Ed Shaughnessy, who held down the drum chair on “The Tonight Show” for nearly three decades, died May 24 of a heart attack in Calabasas. He was 84.
From 1963 to 1992, Shaughnessy held one of the most coveted gigs in TV, after he joined bandleader Doc Severinsen’s unit on the NBC show. He arrived at the job after a studio stint, and had feared the work would be similarly boring. He had to be convinced to take the date for two weeks.
He later said in an interview with the Percussive Arts Society, “When I got up there and Doc Severinsen was the lead trumpet player, Clark Terry was sitting next to me in the jazz trumpet chair, and there were all these great players, I said, ‘My God, this is not your ordinary studio situation.’ When the two weeks were over and they asked if I wanted to stay, I said I sure would.”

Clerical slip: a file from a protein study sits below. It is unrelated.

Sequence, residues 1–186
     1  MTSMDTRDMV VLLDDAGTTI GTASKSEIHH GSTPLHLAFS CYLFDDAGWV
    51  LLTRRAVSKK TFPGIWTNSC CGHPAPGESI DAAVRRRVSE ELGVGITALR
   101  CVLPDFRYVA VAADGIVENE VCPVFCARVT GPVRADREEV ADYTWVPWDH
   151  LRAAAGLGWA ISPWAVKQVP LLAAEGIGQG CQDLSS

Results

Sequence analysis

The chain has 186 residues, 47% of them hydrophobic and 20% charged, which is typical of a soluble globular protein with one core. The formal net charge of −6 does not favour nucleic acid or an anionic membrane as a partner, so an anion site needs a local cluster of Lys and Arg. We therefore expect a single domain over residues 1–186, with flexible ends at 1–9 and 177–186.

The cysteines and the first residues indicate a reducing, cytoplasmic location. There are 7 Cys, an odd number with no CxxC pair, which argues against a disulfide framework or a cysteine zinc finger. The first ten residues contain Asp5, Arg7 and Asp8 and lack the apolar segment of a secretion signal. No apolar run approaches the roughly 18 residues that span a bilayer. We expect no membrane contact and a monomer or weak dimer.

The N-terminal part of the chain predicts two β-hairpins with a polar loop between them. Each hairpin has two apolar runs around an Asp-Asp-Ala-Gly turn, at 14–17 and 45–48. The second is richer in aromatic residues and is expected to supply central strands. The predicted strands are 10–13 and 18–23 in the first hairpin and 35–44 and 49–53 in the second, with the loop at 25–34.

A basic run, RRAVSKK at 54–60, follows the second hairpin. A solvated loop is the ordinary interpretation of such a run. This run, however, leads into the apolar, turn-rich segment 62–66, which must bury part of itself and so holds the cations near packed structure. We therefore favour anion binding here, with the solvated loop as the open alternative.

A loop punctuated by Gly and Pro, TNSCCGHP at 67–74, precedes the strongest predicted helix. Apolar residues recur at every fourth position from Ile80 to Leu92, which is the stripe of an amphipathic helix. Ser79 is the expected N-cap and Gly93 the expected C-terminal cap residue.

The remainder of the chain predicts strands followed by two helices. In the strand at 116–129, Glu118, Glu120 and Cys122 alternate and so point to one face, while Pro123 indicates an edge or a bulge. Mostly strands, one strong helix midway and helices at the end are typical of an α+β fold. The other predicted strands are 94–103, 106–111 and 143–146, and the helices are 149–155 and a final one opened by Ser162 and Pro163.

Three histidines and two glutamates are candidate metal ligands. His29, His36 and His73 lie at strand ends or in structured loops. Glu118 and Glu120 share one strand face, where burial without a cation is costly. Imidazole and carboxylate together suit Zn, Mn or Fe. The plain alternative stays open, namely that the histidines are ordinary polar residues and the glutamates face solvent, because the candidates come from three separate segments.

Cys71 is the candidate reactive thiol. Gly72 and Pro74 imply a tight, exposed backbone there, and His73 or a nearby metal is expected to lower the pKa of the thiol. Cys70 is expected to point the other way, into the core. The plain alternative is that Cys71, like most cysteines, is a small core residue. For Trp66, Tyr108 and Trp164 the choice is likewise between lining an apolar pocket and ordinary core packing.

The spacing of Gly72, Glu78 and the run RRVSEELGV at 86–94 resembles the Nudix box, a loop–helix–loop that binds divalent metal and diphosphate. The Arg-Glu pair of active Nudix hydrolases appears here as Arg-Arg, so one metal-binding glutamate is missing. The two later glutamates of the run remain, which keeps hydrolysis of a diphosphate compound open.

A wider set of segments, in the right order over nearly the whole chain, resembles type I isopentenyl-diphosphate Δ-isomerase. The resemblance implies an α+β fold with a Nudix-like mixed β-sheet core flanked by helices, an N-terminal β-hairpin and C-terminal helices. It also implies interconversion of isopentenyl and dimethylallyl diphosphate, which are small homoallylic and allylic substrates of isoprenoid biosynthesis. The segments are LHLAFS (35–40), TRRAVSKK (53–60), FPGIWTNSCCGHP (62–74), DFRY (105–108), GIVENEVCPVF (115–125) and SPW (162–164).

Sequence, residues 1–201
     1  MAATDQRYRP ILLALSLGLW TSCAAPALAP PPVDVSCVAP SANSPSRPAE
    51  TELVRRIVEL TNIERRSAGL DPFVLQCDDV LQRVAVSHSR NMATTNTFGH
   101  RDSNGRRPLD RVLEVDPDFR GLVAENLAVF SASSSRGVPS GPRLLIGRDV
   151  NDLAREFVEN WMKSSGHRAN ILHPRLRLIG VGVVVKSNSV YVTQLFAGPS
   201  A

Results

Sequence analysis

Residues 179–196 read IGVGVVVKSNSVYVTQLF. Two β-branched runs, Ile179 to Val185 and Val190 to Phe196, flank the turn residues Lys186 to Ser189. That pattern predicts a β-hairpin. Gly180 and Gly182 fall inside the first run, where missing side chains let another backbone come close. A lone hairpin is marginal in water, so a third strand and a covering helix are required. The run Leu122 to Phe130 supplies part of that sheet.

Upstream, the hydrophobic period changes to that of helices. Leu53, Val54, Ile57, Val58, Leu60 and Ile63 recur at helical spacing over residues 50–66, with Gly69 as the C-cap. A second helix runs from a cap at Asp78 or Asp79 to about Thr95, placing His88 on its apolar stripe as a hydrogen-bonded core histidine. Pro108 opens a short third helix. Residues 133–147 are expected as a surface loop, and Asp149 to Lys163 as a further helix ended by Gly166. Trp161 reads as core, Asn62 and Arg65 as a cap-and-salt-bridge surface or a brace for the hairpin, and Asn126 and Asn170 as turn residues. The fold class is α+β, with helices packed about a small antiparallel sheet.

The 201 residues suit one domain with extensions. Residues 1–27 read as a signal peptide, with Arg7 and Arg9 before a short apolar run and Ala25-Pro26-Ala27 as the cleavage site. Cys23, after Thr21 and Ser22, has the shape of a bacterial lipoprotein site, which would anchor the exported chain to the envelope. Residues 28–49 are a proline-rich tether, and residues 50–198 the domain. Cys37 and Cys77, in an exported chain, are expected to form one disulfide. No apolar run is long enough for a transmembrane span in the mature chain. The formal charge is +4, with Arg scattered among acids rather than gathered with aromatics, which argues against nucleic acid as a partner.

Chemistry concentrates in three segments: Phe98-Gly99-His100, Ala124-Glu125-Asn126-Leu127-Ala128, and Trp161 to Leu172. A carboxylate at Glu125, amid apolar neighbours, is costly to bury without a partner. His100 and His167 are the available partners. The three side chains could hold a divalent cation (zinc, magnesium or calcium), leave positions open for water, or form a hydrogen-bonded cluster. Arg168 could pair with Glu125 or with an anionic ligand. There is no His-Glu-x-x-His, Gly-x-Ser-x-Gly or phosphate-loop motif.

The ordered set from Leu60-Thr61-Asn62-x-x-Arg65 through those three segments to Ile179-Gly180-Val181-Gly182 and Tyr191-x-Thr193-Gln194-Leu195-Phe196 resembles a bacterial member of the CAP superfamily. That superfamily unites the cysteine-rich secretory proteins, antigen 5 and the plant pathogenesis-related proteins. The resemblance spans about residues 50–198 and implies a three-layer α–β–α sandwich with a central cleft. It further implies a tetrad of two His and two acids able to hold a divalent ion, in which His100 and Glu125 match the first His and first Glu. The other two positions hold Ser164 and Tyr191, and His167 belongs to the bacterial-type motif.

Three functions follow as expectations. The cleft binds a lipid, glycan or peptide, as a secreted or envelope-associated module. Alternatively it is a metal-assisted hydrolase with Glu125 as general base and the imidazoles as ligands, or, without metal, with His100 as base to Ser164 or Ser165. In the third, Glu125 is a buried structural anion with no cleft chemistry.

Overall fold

Shaughnessy was born in Jersey City, NJ, and began studying drums to escape an unhappy home life. As a youth, he was befriended by his first idol, swing and bop drummer Big Sid Catlett. As a teenager, he apprenticed with trumpeter Charlie Ventura and joined Benny Goodman’s band in 1950. He went on to work in the Tommy Dorsey and Count Basie orchestras, and would record with Gene Ammons, Dizzy Gillespie, Oliver Nelson and Jimmy Smith, among others.
On the small screen, Shaughnessy supported such variety show stars as Steve Allen and Garry Moore. But he gained his greatest renown on “The Tonight Show” during the era when host Johnny Carson reigned late-night TV and trumpeter Severinsen led one of the hottest big bands visible on TV. He exited the show with Carson’s retirement in 1992.